Financing and Investment Efficiency, Information Quality, and Accounting Biases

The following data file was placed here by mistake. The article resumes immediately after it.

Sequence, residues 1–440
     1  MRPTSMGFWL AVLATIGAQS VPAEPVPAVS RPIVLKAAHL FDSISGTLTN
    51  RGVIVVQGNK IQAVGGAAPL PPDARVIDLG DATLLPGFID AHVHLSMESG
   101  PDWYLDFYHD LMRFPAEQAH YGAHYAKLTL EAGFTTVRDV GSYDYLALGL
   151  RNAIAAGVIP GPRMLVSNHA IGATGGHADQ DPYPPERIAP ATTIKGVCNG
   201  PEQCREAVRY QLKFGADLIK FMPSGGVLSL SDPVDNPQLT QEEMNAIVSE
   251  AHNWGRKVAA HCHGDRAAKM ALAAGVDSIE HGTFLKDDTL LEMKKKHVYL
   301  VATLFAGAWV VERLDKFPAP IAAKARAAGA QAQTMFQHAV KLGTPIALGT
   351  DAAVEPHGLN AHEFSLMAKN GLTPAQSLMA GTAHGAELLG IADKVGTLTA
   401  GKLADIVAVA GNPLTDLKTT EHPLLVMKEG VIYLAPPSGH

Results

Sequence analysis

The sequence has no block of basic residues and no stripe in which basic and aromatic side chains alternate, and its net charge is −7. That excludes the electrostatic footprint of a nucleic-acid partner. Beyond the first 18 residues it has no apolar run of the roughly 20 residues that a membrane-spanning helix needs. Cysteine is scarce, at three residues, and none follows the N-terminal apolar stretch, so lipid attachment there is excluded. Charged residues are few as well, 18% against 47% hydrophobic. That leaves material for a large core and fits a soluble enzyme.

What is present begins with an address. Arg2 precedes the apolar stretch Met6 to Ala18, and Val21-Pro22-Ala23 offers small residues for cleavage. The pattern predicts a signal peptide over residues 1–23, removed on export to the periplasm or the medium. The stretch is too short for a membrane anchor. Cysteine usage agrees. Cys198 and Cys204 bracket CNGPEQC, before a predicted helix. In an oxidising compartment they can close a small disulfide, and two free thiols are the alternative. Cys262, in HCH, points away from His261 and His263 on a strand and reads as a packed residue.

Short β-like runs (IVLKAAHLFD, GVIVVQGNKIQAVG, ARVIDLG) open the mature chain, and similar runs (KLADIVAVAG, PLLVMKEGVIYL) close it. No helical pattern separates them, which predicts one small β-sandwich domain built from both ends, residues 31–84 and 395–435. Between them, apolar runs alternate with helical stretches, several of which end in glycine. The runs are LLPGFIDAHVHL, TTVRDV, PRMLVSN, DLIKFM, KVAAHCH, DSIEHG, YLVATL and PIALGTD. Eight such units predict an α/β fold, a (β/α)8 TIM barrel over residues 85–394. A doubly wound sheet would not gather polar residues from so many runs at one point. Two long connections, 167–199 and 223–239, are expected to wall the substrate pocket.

In this paper, we investigate the effect of accounting biases on firms' financing decisions and the role of accounting biases in endogenous information quality. We find that with information asymmetry, distorted financing decisions may induce distorted investment decisions in equilibrium. We show that in industries with generally low-profit prospects, a downward-biased accounting system performs better than a neutral accounting system, and a more downward bias helps mitigate both investment and financing inefficiency; while for industries with generally high-profit prospects, an upward-biased accounting system is better than a neutral accounting system, and a more upward bias helps improve financing efficiency. In addition, we find that a downward accounting bias has a more pronounced effect on improving overall efficiency by discouraging investment distortions through its impact on financing decisions when investment friction is severe. Moreover, a more downward-biased accounting system motivates good firms to exert more effort to improve the information quality.